rived from IMT and CPA assess-ments (using either threshold crite-rion) differed substantially from theresults of the clinical Framinghamrisk scores and respec-tively).
changed in most patients (Ն63% ofcases). IMT and CPA changed the FIGURE 1. Effect of carotid IMT and CPA on subsequent risk stratification based on
criteria from the research literature. Risk category criteria are listed above each bub-
ble. Mean values for each category are listed below the bubbles in the flowchart.
Absolute number and percentage of patients stratified by risk to each category are

inside each bubble.
assessments differed in most patientsand respectively). IMTand CPA stratified patients identi- plaque area (CPA) measurements on the risk stratifi- cally in only 42% (literature review) and 38% (inter- cation of patients with intermediate Framingham risk nal laboratory data) of cases. However, risk stratifica- tion differed by Ͼ1 level (e.g., low risk by IMT vs high risk by CPA) in very few situ-ations (14% to 17% of cases).
IMT and CPA changed the risk stra-tum in most patients deemed as in-termediate risk by clinical criteriaalone. This result suggests that IMTand CPA may be useful modalities toenhance risk assessment beyond theFramingham risk score. Many pa-tients without known atheroscleroticdisease were found to have an abnor-mal IMT (22% to 35%) or CPA(27% to 40%), thus placing them inthe highest-risk category (equivalentto the risk of coronary heart disease).
values for IMT or CPA do not cur-rently exist. Different threshold cri- FIGURE 2. Effect of carotid IMT and CPA on subsequent risk stratification based on
threshold values from our vascular laboratory. Risk category criteria are listed above

each bubble. Mean values for each category are listed below the bubbles in the flow-
chart. Absolute number and percentage of patients stratified by risk to each category
are inside each bubble.
very similar findings in our study.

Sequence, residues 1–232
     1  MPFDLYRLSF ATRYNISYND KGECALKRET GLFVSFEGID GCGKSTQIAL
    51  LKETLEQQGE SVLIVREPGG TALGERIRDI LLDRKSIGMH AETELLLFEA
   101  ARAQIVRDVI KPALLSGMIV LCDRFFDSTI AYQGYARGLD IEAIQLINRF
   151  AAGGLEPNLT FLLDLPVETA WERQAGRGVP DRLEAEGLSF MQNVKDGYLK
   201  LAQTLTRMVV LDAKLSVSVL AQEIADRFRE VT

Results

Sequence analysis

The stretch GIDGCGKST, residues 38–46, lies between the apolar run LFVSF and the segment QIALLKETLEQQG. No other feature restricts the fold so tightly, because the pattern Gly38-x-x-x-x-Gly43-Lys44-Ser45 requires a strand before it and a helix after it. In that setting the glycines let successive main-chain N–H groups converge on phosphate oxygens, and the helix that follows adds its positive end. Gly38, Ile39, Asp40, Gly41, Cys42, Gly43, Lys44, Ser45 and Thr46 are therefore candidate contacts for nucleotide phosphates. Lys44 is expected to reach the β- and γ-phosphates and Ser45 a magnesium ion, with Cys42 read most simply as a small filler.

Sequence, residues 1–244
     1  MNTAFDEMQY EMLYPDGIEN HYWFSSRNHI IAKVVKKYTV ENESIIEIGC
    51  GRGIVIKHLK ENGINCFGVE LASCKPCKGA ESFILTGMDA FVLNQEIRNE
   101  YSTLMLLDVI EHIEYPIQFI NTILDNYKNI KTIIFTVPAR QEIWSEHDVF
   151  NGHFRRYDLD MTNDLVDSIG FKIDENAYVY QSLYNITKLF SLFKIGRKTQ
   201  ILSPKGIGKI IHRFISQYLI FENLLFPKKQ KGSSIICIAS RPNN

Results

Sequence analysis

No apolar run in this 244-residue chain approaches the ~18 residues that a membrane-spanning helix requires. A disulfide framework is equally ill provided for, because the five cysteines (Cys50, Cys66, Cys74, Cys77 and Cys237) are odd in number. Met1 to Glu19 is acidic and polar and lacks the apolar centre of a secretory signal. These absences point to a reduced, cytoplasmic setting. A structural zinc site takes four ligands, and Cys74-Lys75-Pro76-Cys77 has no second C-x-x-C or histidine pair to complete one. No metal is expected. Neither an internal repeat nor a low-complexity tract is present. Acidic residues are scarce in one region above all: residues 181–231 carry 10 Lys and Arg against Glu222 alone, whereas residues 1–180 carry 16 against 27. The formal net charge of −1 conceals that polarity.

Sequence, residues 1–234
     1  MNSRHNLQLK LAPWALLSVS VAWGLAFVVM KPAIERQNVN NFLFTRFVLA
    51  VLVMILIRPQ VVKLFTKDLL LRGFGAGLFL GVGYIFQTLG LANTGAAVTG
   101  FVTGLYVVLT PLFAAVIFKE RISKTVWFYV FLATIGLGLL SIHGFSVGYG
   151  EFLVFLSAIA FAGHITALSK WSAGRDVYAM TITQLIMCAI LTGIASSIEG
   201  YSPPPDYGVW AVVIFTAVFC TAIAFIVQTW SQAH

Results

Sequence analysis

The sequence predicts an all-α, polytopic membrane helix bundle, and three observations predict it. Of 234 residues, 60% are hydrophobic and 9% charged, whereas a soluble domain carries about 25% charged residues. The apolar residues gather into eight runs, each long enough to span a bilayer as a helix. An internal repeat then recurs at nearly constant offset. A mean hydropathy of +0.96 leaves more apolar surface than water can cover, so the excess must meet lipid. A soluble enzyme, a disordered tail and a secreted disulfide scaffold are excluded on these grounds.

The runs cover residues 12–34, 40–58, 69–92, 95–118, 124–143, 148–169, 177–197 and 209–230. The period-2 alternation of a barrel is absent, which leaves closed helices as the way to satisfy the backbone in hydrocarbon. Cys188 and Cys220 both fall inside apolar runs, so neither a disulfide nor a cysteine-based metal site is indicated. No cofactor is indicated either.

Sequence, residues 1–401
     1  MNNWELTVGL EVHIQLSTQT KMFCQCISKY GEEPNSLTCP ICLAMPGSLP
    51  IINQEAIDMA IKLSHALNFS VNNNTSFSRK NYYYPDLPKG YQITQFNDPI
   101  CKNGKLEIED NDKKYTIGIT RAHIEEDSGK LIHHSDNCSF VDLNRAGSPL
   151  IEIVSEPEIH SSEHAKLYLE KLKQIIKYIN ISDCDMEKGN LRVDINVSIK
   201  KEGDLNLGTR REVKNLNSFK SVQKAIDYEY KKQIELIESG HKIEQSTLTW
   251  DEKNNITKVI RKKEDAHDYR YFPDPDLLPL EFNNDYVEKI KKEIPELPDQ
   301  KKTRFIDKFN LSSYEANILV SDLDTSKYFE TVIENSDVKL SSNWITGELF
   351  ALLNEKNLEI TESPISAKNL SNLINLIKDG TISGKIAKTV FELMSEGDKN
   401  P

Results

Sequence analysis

Additional research is necessary tobetter define clinically useful CPA and IMT threshold values (e.g., age and risk factor TABLE 3 Agreement Between Carotid IMT and CPA in the
adjusted risk categories) and to determine the long- Cardiovascular Risk Stratification of Intermediate-risk Patients term clinical outcome of tailoring medical therapy According to Threshold Values Derived from the MedicalLiterature* based upon risk assessment modalities.
1. Greenland P, Smith SC, Grundy SM. Improving coronary heart disease risk
assessment in asymptomatic people. Role of traditional risk factors and nonin-
vasive cardiovascular tests. Circulation 2001;104:1863–1867.
2. Smith SC, Greenland P, Grundy SM. Prevention Conference V. Beyond
secondary prevention: identifying the high-risk patient for primary prevention.
Executive summary. Circulation 2000;101:111–1116.
*Each value represents the number of patients (n ϭ 95).
3. Aminbakhsh A, Mancini GBJ. Carotid intima-media thickness measurements:
what defines an abnormality? A systemic review. Clin Invest Med 1999;22:149 –
157.
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thickness: a new tool for diagnosis and treatment of cardiovascular risk. J Hy-
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TABLE 4 Agreement Between Carotid IMT and CPA in the
5. Mukherjee D, Yadav JS. Carotid artery intimal-medial thickness: indicator of
Cardiovascular Risk Stratification of Intermediate-risk Patients atherosclerotic burden and response to risk factor modification. Am Heart J According to Threshold Values Derived from Our Vascular 6. O’Leary DH, Polak JF, Kronmal RA, Manolio TA, Burke GL, Wolfson SK.
Carotid-artery intima and media thickness as a risk factor for myocardial infarc-
tion and stroke in older adults. N Engl J Med 1999;340:14 –22.
7. Hodis HN, Mack WJ, LaBree L, Selzer RH, Liu CR, Liu CL, Azen SP. The
role of carotid arterial intima-media thickness in predicting clinical coronary events. Ann Intern Med 1998;128:262–269.
8. del Sol AI, Moons KGM, Hollander M, Hofman A, Koudstaal PJ, Grobbee DE,
Breteler MMB, Witteman JCM, Bots ML. Is carotid intima-media thickness useful in cardiovascular disease risk assessment? The Rotterdam Study. Stroke 2001;32:1532–1538.
9. Spence JD. Ultrasound measurement of carotid plaque as a surrogate outcome
*Each value represents the number of patients (n ϭ 95).
for coronary artery disease. Am J Cardiol 2002;89(suppl):10B–16B.
1032 THE AMERICAN JOURNAL OF CARDIOLOGYா